WASHINGTON – The probe of Russian interference in the 2016 U.S. election and possible collusion by associates of President Donald Trump is not a “fishing expedition,” the Justice Department official who launched it said.
In his first Sunday news-show appearance, U.S. Deputy Attorney General Rod Rosenstein declined comment on whether special counsel Robert Mueller, who’s leading the investigation, is using a federal grand jury to help collect information. He said if Mueller finds evidence of a crime within the scope of the probe, he can investigate.
Rosenstein, 52, appointed Mueller, a former director of the Federal Bureau of Investigation, to lead the federal investigation in May after Attorney General Jeff Sessions recused himself.
In general, the presence of a grand jury doesn’t say anything about the likelihood of an indictment, Rosenstein said. “It’s just a tool that we use like any other tool in the course of our investigations,” he said on “Fox News Sunday.”
“It’s an appropriate way to gather documents, sometimes to bring witnesses in, to make sure that you get their full testimony,” Rosenstein said.
Trump has repeatedly attacked Mueller’s probe — which he terms a “witch-hunt” — most recently at a rally in Huntington, West Virginia, on Thursday when he said, “They’re trying to cheat you out of the leadership that you won with a fake story that is demeaning to all of us.”
In recent weeks, Mueller has expanded the focus of the investigation from the 2016 election to a broad range of transactions involving Trump’s businesses, as well as those of some the president’s associates, according to a person familiar with the probe. The president told the New York Times in July that if Mueller started to dig into his family’s finances, he’d cross a “red line.”
“The special counsel is subject to the rules and regulations of the Department of Justice, and we don’t engage in fishing expeditions,” said Rosenstein, who has more than 25 years of experience working in the Justice Department through Republican and Democratic administrations.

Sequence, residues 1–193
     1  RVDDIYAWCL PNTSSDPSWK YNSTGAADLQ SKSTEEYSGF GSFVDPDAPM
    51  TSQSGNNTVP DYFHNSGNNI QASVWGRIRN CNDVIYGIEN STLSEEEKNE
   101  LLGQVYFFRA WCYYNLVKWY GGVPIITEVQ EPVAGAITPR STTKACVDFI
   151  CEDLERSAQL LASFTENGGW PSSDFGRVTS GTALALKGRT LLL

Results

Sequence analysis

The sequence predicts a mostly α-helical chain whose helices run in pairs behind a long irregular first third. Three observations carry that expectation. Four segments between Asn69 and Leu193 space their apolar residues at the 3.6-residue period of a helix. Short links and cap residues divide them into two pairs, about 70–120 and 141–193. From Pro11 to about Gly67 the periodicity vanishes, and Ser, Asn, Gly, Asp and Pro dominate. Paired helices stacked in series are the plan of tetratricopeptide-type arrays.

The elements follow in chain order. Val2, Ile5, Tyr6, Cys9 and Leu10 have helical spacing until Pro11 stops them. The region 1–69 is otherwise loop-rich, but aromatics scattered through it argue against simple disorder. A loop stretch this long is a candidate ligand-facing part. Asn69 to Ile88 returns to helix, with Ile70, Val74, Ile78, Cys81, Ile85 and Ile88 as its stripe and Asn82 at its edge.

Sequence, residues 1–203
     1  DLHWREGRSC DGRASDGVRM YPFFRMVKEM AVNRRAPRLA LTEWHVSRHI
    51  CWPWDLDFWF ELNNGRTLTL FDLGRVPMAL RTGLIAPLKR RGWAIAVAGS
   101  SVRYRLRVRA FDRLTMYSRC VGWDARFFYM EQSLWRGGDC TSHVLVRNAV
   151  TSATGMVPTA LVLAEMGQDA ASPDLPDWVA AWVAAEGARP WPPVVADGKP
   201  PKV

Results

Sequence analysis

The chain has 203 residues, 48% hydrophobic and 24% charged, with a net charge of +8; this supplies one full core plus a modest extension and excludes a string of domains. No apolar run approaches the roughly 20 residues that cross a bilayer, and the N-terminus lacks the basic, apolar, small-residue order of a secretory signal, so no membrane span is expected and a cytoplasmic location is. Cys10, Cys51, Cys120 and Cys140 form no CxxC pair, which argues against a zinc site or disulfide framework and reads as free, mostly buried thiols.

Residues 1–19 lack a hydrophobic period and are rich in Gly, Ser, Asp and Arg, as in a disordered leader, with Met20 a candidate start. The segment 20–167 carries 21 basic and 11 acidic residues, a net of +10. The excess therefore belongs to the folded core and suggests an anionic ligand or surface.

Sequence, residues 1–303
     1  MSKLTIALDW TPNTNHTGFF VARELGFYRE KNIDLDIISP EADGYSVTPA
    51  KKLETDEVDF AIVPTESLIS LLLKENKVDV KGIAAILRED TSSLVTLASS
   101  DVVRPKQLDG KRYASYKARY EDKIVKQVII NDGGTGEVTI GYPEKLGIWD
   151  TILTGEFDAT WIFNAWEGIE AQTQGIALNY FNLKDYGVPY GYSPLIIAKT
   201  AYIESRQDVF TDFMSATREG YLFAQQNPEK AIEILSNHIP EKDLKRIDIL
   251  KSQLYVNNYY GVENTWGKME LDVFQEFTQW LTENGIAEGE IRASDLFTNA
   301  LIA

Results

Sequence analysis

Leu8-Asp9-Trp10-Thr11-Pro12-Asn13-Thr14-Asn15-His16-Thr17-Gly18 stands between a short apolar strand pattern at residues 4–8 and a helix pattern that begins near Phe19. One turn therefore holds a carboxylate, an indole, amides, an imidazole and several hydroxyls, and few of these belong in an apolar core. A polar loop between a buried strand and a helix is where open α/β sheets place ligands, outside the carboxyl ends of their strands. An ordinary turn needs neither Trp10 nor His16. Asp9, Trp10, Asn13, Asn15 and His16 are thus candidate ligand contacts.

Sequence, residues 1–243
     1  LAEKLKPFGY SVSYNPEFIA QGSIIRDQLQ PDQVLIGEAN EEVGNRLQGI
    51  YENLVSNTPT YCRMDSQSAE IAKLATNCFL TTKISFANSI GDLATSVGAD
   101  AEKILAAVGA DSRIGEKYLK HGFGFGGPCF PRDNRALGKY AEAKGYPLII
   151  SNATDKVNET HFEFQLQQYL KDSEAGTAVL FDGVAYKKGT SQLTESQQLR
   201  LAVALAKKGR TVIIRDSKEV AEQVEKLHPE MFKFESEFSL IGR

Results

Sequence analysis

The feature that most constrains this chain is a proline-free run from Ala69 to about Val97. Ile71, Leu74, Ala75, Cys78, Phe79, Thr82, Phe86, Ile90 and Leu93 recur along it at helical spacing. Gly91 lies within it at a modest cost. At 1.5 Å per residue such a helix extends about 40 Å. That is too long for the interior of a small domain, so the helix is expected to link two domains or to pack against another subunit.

Investigators are looking into the business dealings of Trump’s son-in-law, Jared Kushner, now a White House adviser, and his former campaign chairman, Paul Manafort, two other people familiar with the investigation said last week. All of the people spoke on condition of anonymity to discuss the continuing probe.
Mueller has asked the White House to preserve all communications related to a June 2016 meeting involving the president’s eldest son, Donald Trump Jr., Kushner, Manafort and Russian lawyer Natalia Veselnitskaya, along with Russian-American lobbyist and former Soviet counterintelligence officer Rinat Akhmetshin.
Asked about Trump’s West Virginia speech, in which he said “prosecutors should be looking at Hillary Clinton’s 33,000 deleted emails,” Rosenstein drew a line between the president’s public and private communications.
“If the president wants to give orders to us in the department, he does that privately,” Rosenstein said. “I can tell you, the president has not directed us to investigate particular people.”
As Trump settles in for an 17-day stretch at his Bedminster, New Jersey, golf resort, two members of the Senate Judiciary Committee, Thom Tillis, Republican of North Carolina, and Chris Coons, Democrat of Delaware, have introduced a measure — retroactive to cover Mueller’s appointment — that would shield special counsels from political influence.
Tillis, speaking on Fox, said there was “no question” the action was directed at Trump. “That’s why we put the effective date back to the hire of the current special counsel,” he said.
“It is in everyone’s best interest for Bob Mueller to be able to carry forward this investigation to its conclusion,” Coons said on ABC’s “This Week” in a joint appearance with Tillis.
The Senate proposal is based on “hypotheticals,” White House aide Kellyanne Conway said Sunday on ABC. “The president is not discussing firing Bob Mueller,” she said.
Sen. Tom Cotton, an Arkansas Republican, said on CBS’s “Face the Nation” that he doesn’t expect the proposal from Tillis and Coons to become law.
He added, though, that “for decades, Congress has ceded too much authority to the executive branch. And we should exercise our constitutional responsibilities seriously and with vigor.”
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